If you visit a restaurant don’t rely on Trip advisor reviews. Most of the people who post are the unhappy, miserable complain without reason, while those guests who has great experience don’t bother to post. I run a restaurant. Our comment cards shows 93% guest satisfaction while Trip advisor comments indicates 40%. So tell me

  5. Sander Davis says

    I wonder if they post all reviews. I have now posted twice a review of a recent stay at a hotel and have yet to see it appear. I definitely think they have their favorites.

    • Jim Ferri says

      Hi Sander,

      That’s not a good sign if a site doesn’t post your review – whether it’s pro or con — unless it has been blocked for negative reasons (profanity, attacking another reviewer,spam content, etc.) I’d send an email to the pr/communications person in their corporate offices and ask what’s going on. If you do, could you please update us on their reply and tell us what you’ve done?

  6. says

    Our client have ever written about us on Tripad “We highly appreciate your service” but that comment was not posted and our account was locked

    Then we contacted with Tripad but Tripad has explained that the comment about this company is not posted as this company does not have on the Tripad system.

    So Tripad does not keep the positive , they just concentrate on advertisement, there are many competitors buy good comment throught many websites. But we did not do that as we respect our clients who wrote true comment about service.

    • Chong says

      May I ask if Tripadvisor earn commisions or advertisement fees ? I read before someone asked them whether they are a commercial website or not, and they replied they are not and assure fairness.

  7. Chong says

    Besides those mentioned, there is another big issue which Tripadvisor’s forum a very unreliable place to rely for informations. I usually run through all the last few months of forum chat of the place before I travel. I find their moderators very bias and unfair. I notice they favour members who supported the higher price establishments. I notice whenever someone recommend some cheap finds, eg eating places, drivers or hotels, some regular members will appear to start an issue to flame and the moderators will delete the original post with some excuses like “inappropriate” or “gudelines” issue. It’s sad that an established travel forum could choose to be ruined or controlled by some regular members and lose their creditability. I am sure many of the regular members are in the travel industry or related to some establishment, writing there to protect their own interest.
    I think in future, travellers will not believe in travel sites forum or reviews if their moderation don’t improve for fairness.

  8. says

    Since tripadvisor monitors the posts very carefully that I think it will be very reliable for those who intend to find information before making a trip.

  9. Terrance Jeremie says

    The debit about whether to trust Trip Advisor or not keeps going but personally I can’t trust Trip Advisor. The reason why I can’t trust them is the because I rather go and talk to actual trip advisor face to face giving me actual information. Another reason why I can’t trust them because certain individuals give mixed emotions about where they stay, and makes you think whether you trust it or not. Having a actual interaction with someone discussing with you about your trip and giving you advise, I rather recommend them over trip advisor. As a hotel manager I would deal with the positive and negative message by sending out a statement, on the company website by thanking them for the feedback and send out recent activities, interactions, and entertainment/Food pictures showing that our hotel brand is a great place to come to to answer all the negative feedback the hotel gets. Also I would tell everyone that our hotel keeps on growing and we keep up to date with the trends that are happening in the hospitality industry.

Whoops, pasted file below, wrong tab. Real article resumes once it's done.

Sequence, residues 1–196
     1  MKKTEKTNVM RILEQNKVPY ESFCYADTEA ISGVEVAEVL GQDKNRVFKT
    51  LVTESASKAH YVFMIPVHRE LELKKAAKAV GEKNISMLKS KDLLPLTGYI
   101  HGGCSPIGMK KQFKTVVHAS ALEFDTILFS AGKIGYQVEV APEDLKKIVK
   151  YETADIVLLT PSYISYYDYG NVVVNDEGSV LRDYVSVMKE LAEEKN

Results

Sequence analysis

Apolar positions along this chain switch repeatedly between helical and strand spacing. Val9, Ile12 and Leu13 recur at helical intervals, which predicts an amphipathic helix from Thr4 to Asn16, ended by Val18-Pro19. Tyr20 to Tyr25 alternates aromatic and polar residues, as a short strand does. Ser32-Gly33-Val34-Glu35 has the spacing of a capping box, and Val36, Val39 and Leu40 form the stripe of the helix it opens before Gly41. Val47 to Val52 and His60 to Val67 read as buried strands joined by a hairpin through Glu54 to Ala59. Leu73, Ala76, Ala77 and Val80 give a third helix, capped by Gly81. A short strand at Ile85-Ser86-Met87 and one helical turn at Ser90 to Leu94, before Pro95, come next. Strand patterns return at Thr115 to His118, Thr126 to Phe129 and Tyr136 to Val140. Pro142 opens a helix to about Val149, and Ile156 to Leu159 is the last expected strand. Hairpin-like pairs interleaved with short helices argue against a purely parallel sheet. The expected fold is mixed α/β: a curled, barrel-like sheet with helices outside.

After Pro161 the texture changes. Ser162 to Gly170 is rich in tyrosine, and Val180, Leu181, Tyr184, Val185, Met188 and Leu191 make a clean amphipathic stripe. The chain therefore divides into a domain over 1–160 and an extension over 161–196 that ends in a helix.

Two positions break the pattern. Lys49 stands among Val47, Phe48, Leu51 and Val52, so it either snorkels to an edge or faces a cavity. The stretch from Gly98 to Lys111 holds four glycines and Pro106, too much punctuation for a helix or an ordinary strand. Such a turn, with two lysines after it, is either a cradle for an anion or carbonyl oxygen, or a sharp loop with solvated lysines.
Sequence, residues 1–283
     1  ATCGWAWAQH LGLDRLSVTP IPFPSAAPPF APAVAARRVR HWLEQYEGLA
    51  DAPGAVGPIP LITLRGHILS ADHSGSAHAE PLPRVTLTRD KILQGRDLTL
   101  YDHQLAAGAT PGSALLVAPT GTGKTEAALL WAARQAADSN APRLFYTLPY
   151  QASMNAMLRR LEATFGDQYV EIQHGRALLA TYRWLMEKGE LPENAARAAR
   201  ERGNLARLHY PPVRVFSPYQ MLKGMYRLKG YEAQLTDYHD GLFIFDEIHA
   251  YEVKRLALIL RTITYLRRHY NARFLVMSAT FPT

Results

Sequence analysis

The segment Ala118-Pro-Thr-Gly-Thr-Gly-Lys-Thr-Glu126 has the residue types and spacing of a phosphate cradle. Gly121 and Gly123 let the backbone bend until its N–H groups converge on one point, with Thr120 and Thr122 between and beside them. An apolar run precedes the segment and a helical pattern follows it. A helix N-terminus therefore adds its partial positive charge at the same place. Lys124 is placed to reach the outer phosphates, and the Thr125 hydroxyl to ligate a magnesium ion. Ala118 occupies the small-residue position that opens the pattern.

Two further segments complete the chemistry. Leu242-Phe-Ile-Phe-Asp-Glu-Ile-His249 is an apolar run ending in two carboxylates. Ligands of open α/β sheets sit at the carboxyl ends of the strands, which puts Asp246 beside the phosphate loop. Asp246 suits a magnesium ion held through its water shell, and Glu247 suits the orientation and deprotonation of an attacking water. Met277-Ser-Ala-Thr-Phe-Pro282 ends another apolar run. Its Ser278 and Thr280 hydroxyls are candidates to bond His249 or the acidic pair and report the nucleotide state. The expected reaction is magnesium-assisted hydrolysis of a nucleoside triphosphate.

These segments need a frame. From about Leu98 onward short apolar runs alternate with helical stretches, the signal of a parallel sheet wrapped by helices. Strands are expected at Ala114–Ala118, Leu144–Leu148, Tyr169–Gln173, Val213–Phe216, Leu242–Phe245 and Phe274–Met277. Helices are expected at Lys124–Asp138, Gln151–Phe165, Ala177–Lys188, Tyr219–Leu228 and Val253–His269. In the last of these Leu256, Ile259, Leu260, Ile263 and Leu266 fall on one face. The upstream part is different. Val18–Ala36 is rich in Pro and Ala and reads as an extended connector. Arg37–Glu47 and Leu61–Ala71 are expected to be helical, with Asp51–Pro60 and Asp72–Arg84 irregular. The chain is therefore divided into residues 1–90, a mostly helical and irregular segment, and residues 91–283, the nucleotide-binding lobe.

10. Hardeep Kaur says

    I firmly believe that trip advisor is not completely reliable. The site contains both real and fake reviews. There are companies that solicit to hotels where they charge to a couple of hundred dollars a month to post positive reviews. How do I know that? Well I work for hotels and I have personally received those phone calls. For some hotels it may be totally worth it to pay a couple of hundred dollars a month to be on the top of the list but it is totally unethical. Also, there is no way to verify or to prove if the person that wrote a review actually stayed at the hotel.

  11. says

    Sure, there are outright bogus reviews (both positive and negative) that erode the trust in Tripadvisor. I think nowadays users are getting savvy enough to sniff out if things are written more like a marketing push than a real review.

    What I have also noticed, as a tourism professional in Berlin, is that many of the tours, attractions, etc that are ranked highest on trip advisor are ones that actively solicit them from their guests. I did a walking tour where at the end most of us had a drink in a nearby pub. The tour guide then went around to each of us with his ipad asking us to write a quick review….. (I later learned that management was paying a bonus to the guide that got the most reviews)

    Tripadvisor has tremendous power with business in the top 3 of categories seeing direct results in terms of revenue. Is it any wonder that many of them try to cheat the system.

    The other issue is that the reviews are not necessarily representative of the experience. The majority of people will only bother writing if they have either a very good or very bad experience. So good little restaurants (particularly ones mostly frequented by locals – which are usually a good sign) rarely register on Tripadvisor.

  12. says

    As usual, you should check with a variety of sources. I have found that Tripadvisor reviews are just one of several sites that will give you a general idea. To their credit, I think Tripadvisor does try to do a good job…after all, if they fail to do that, then they lose their credibility, and that is the keystone of their business.